Surviving PTSD — Milton's Fred Smith builds hope from trauma
March 1, 2015 - Milton Canadian Champion
Milton resident and army veteran Fred Smith has fought many battles in his life, in war zones both figurative and real. A survivor of alcoholism, drug addiction and post-traumatic stress disorder, Smith has returned to the front line as both advocate and activist for veterans suffering from mental health and substance abuse issues.
For the past 10 years, he has worked with more than 3,000 people — most of them veterans — in dire need of intervention in their lives with his organization Veterans Helping Veterans.
“When I sleep at night, I still dream about dead bodies,” says Smith, seated in uniform on the sofa at his modest Milton home — the first real home he has had since living on the streets across Canada for close to 25 years.
The walls in his home are covered with military memorabilia, frame next to frame filled with paintings, posters, and photographs of his relatives, his heroes, and himself with other armed forces personnel.
Nearby is Smith’s scrapbook, which he has filled with journal entries, photos and clippings — reminders of the distance he has travelled on his journey to health.
In his pocket is his Royal Canadian Regiment commemorative coin, its full circumference marked by handmade notches, each symbolizing a year of sobriety.
Smith was raised in a military family in Nova Scotia. He wanted to do noble things in his life and chose to be a soldier like his father, his uncles and his four brothers.
He joined the army cadets, then the 1st Battalion, The Royal Canadian Regiment.
At just 24 years of age, Corporal Frederick Smith was recruited to serve as a United Nations peacekeeper in the disputed territory between Syria and Israel.
Part of the United Nations Disengagement Observer Force in the Golan Heights in 1979 through 1980, Smith says he saw things during his deployment in the Middle East that he still can’t talk about. The bodies he sees in his dreams were piled near the Syrian border at Al Quinatra. The streets in Syria were especially dangerous at that time. “I saw people killed. When I was in Damascus at night, alone on the street, I was like a young child. I would whistle in the dark to feel less afraid.”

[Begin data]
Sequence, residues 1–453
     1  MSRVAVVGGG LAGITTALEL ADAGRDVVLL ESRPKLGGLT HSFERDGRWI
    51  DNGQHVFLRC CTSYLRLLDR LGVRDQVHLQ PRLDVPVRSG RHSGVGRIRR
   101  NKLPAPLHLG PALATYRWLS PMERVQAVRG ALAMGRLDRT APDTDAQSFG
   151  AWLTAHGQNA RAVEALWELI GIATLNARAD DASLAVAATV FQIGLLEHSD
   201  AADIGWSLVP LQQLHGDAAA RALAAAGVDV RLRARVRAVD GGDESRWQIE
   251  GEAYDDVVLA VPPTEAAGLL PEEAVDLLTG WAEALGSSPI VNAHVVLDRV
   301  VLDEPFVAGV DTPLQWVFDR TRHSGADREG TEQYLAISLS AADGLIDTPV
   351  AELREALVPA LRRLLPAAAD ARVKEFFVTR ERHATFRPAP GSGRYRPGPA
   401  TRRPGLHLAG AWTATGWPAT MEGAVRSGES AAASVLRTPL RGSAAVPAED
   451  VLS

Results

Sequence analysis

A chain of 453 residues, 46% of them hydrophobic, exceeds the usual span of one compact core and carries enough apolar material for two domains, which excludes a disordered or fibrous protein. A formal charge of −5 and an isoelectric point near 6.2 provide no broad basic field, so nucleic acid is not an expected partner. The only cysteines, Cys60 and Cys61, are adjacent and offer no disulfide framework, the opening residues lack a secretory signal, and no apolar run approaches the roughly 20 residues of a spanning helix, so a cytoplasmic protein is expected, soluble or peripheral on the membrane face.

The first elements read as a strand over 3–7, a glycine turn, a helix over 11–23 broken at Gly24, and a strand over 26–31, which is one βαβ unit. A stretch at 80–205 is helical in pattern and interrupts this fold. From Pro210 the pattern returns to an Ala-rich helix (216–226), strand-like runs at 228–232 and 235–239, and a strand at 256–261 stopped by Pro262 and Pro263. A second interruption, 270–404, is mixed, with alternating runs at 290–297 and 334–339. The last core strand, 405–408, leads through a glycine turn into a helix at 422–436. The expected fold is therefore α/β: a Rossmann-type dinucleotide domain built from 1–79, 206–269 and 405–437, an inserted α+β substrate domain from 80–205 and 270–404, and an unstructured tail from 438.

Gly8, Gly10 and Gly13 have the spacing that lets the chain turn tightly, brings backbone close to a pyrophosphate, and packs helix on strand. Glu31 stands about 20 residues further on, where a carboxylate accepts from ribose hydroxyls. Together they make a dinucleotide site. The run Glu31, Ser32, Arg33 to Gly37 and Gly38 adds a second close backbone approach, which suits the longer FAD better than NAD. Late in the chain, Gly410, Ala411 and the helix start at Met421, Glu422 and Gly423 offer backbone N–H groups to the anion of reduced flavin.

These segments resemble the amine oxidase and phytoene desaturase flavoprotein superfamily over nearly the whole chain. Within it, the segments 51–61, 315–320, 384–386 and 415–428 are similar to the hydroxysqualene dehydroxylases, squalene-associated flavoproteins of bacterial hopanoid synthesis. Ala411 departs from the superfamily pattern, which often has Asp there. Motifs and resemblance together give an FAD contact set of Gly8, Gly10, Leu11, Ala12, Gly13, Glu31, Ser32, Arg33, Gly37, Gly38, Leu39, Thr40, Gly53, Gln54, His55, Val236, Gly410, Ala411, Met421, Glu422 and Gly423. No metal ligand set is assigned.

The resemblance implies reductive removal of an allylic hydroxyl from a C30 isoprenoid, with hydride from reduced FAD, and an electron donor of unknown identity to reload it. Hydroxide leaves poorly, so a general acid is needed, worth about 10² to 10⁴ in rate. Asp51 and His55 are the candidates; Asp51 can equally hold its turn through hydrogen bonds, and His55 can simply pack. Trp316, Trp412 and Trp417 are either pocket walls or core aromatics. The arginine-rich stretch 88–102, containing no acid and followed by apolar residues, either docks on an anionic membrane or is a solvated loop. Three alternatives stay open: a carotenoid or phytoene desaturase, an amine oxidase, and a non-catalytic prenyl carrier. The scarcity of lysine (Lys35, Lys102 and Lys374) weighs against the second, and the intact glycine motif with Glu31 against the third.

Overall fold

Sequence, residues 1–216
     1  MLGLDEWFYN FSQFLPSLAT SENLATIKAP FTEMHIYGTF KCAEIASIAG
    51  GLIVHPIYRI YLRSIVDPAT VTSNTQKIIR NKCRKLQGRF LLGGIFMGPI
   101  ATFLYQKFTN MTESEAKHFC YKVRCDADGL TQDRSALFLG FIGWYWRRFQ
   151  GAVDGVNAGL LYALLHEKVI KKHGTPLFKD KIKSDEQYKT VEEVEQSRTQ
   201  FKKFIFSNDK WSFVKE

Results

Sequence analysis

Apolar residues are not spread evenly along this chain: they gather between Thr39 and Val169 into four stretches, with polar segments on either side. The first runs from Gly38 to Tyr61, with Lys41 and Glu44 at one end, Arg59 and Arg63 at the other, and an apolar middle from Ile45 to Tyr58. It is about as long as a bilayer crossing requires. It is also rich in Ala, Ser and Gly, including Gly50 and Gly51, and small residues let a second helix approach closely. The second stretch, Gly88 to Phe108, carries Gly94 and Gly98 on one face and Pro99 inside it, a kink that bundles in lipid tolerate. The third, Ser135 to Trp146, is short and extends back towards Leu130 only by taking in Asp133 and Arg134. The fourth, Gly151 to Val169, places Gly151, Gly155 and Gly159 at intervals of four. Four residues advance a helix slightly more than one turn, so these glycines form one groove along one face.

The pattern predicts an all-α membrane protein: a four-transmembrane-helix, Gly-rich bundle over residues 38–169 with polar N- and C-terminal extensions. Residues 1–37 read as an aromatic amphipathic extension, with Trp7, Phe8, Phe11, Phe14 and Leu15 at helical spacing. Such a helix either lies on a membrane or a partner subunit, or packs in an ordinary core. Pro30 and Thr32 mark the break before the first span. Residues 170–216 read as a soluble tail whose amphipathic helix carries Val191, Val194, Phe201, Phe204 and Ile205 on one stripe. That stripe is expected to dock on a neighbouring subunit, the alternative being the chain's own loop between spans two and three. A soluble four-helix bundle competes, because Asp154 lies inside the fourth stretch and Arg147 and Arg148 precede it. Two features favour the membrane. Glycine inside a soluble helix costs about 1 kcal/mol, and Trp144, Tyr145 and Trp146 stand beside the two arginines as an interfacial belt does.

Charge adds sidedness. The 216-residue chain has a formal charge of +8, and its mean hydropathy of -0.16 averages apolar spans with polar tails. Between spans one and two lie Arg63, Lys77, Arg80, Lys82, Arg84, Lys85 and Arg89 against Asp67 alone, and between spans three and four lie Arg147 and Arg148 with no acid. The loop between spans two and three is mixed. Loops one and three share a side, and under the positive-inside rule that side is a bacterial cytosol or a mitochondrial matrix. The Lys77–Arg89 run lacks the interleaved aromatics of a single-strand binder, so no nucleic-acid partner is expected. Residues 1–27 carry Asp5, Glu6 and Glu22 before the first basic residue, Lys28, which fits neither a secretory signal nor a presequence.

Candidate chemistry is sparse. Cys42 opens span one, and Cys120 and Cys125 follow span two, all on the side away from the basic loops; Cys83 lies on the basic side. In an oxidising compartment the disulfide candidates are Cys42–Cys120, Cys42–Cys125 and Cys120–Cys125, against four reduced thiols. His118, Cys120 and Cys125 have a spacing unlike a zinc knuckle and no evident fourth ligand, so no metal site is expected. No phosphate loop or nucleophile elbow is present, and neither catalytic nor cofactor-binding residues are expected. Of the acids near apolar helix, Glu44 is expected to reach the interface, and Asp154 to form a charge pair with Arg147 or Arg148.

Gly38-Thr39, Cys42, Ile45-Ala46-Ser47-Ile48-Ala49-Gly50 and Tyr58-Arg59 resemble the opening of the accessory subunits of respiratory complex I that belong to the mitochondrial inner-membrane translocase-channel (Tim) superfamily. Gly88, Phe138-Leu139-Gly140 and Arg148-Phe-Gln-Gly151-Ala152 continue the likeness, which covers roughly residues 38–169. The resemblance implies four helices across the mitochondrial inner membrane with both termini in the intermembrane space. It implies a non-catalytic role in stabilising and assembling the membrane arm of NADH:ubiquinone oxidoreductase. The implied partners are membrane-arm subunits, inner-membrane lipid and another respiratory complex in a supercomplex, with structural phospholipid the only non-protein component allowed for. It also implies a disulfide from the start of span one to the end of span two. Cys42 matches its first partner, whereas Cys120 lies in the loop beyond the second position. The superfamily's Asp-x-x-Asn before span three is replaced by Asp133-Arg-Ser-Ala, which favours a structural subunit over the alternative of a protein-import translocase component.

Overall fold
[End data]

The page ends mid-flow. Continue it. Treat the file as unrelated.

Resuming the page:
He can’t help but think about the innocent people in war zones, especially children.
Smith says the distress he felt while deployed in the Golan intensified with every terrifying experience and like many soldiers, he self-medicated using readily-available and inexpensive alcohol to salve his pain. His trauma became acute, and he was urgently repatriated to his unit in 1980 and sent home to counselling and probation at CFB Gagetown.
But Smith says he feels he didn’t receive the help he needed.
He says he was broken, felt confused and he was drinking.
He says after he learned that he wouldn’t be reposted, he was so despondent that he told his superiors to get him out of the military.
Smith had been filled with pride when he joined the army, interested in being an exceptional soldier, yet within three months of leaving the military at the age of 27, he was homeless.
He says he moved repeatedly across Canada over the course of the next 25 years, never managing to go more than five days without drinking and never managing to maintain relationships or his health.
He turned to mitigating the nightmares, the memories and the suffering with hard drugs. He had marriages, children, and more failed relationships. He was in and out of 11 treatment centres. Never was mental illness recognized, he says.
At one point while in recovery, Smith was sponsoring 17 inmates in two correctional facilities located in Saskatchewan.
Somehow through it all, Smith set out to help others, and he managed to maintain some distant connections with his children. His own mental and physical health continued to decline. Smith says he lived on the streets of Vancouver, Halifax and Toronto. Then he found himself living in and out of men’s shelters and support groups in Oakville and Hamilton.
Tragedy found him a number of times. His brother died, then his father died and Smith says he attempted suicide. “I tried to kill myself three times. I couldn’t live and I couldn’t die.”
He says the breaking point was in 2006, the day one of his sons committed suicide. Smith drove himself to Joseph Brant Hospital in Burlington. He was wracked with pain, with the memories of his mistakes, his shame, and the notion that he was a loser.
Smith says he was seen by a psychiatrist, who recognized that he was significantly injured due to the violence he witnessed and the stress he endured in the Golan.